Orlando: Women's Writing
Title of Contents

Scholarly Introduction

The Orlando Project

What is Orlando?

Orlando: Women's Writing in the British Isles from the Beginnings to the Present is a highly dynamic and rich resource for researchers, students, and readers with an interest in literature, women's writing, or cultural history more generally. With about eight million words of text, it is full of factual, critical, and interpreted material. This first release of Orlando included biographical and writing career entries on over a thousand writers, more than eight hundred and fifty of them British women. The number is now (2013) up to nearly 1,300. The list also includes selected non-British or international women writers, and British and international men, whose writing was an important, sometimes a shaping, element in a particular writing climate. Orlando also includes more than thirty thousand dated items representing events and processes (in the accounts of these writers, but also in the areas of history, science, medicine, economics, the law, and other contexts). In all of these categories, Orlando continues to grow over time, as it is incrementally enlarged by scheduled updates.
Orlando materials are capable of a high degree of interaction. For readers who take the time to master its strategies, its capacity to search is unprecedented, capable of answering a wide range of readers' queries, from the simple request for information about a single writer to more complex questions seeking material from across the range of Orlando. Orlando's encoding (the extensive tagging which we describe below), together with its custom production (or delivery) system, makes it capable of retrieving all sorts of interpretive and qualitative material from its extensive textbase—comment of the kind you expect to find in a work of humanities scholarship—and of displaying this online.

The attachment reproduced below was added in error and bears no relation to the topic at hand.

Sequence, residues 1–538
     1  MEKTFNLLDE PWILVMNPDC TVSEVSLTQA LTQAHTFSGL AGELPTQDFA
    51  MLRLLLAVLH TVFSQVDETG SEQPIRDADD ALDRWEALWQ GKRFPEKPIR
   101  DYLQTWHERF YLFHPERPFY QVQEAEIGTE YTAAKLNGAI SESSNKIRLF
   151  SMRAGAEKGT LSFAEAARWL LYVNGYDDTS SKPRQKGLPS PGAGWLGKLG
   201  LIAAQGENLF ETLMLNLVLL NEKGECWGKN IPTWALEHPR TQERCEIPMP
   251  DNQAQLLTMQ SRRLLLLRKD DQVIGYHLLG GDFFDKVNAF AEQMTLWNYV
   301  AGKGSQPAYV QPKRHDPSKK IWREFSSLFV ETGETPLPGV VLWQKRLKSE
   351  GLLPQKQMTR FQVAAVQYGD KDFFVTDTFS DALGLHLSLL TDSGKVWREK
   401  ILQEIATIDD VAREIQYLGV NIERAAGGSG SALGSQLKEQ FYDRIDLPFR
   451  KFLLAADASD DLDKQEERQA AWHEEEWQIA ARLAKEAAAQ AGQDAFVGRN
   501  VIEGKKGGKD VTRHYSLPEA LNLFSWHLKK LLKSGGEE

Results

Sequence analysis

Orlando is not a text archive: it does not print the texts its subjects wrote. Instead, it provides new biographical and critical accounts of the lives and works of its subjects, together with contextual materials relevant to critical and historical readings. Orlando is entirely textual, and its entries were researched and created collaboratively by members of the Orlando team (see Credits). It fully documents the materials it references, and it includes a bibliographical database of more than twenty-five thousand titles.